New York Times, 07/28/15
--Dutee Chand, female sprinter with high testosterone level, wins right to compete
Female track and field athletes no longer need to have their natural testosterone levels below a certain threshold to compete in international events, the Court of Arbitration for Sport ruled Monday. Katrina Karkazis, a senior research scholar in the Stanford Center for Biomedical Ethics, was closely involved with the case and is quoted in this article and in pieces from ESPN.com, The Citizen (India) and Scope.
--The genesis engine
This piece highlights the gene-editing system known as CRISPR. Hank Greely, with the Stanford Center for Biomedical Ethics, provides comment.
Forum (KQED-FM), 07/17/15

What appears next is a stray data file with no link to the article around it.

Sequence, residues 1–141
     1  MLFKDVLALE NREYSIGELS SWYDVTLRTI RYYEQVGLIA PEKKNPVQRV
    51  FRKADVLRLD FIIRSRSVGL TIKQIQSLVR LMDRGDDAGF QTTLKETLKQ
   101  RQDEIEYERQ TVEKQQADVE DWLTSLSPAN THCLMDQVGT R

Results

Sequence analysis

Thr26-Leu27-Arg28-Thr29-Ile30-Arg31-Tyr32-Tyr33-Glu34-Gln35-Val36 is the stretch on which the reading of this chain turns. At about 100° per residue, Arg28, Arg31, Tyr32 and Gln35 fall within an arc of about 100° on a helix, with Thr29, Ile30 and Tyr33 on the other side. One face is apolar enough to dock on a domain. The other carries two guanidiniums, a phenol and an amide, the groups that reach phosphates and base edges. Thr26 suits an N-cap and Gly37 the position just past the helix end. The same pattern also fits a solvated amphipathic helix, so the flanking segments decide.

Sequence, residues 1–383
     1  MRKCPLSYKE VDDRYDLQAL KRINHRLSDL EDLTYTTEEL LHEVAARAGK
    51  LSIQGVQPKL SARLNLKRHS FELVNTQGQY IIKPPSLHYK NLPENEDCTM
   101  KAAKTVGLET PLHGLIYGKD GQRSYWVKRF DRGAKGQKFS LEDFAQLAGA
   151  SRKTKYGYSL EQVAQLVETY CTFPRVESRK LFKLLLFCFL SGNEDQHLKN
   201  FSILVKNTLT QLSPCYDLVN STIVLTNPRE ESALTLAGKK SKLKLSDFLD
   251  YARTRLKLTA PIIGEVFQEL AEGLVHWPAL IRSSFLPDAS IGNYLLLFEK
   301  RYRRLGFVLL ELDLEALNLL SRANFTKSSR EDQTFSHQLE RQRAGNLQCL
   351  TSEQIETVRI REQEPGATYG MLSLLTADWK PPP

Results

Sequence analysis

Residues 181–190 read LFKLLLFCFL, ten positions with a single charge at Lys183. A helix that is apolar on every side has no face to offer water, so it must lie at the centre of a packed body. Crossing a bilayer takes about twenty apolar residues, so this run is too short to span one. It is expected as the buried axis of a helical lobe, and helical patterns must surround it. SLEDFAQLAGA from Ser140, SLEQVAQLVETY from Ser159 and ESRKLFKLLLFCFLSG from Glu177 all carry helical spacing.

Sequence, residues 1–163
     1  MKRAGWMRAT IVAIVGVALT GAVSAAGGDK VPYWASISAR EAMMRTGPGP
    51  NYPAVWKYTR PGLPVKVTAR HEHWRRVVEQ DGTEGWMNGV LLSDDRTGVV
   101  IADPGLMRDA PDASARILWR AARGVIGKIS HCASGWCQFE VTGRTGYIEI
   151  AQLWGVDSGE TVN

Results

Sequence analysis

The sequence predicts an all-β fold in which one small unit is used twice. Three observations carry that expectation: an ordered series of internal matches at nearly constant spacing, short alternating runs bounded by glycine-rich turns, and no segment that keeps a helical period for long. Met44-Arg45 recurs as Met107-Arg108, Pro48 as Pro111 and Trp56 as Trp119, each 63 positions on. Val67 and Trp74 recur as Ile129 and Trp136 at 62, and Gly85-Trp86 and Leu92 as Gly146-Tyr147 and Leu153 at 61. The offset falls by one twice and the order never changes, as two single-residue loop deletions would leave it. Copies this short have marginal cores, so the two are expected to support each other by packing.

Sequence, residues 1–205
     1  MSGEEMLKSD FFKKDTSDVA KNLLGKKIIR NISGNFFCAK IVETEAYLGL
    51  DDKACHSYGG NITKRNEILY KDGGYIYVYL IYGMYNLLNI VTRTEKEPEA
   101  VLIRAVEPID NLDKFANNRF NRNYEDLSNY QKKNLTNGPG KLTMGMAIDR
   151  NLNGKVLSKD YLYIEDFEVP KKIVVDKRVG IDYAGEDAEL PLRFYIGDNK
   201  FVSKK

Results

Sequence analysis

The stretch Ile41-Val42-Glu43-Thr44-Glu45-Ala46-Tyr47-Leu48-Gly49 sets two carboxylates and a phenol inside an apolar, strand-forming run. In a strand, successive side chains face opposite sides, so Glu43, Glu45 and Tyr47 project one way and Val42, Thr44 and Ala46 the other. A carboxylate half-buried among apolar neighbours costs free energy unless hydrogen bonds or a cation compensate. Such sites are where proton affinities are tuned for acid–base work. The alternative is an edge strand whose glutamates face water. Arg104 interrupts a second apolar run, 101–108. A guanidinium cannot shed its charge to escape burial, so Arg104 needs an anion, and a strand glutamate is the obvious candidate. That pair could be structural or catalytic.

One divorced San Francisco couple's fight over the fate of frozen embryos could set a legal precedent in California for how to deal with fertility technology. This segment discussed the latest developments in the trial and how it could impact future cases. David Magnus, the Thomas A. Raffin Chair and Professor and director of the Stanford Center for Biomedical Ethics, was a guest.
Orange County Register, 07/15/15
--Video of Planned Parenthood executive discussing tissue, organ prices sparks abortion firestorm
The donation of fetal tissues raises questions about choices of abortion techniques that allow physicians to remove intact organs. David Magnus, the Thomas A. Raffin Chair and Professor and director of the Stanford Center for Biomedical Ethics, is quoted in this article.
--Physician writers share a "global perspective on healing"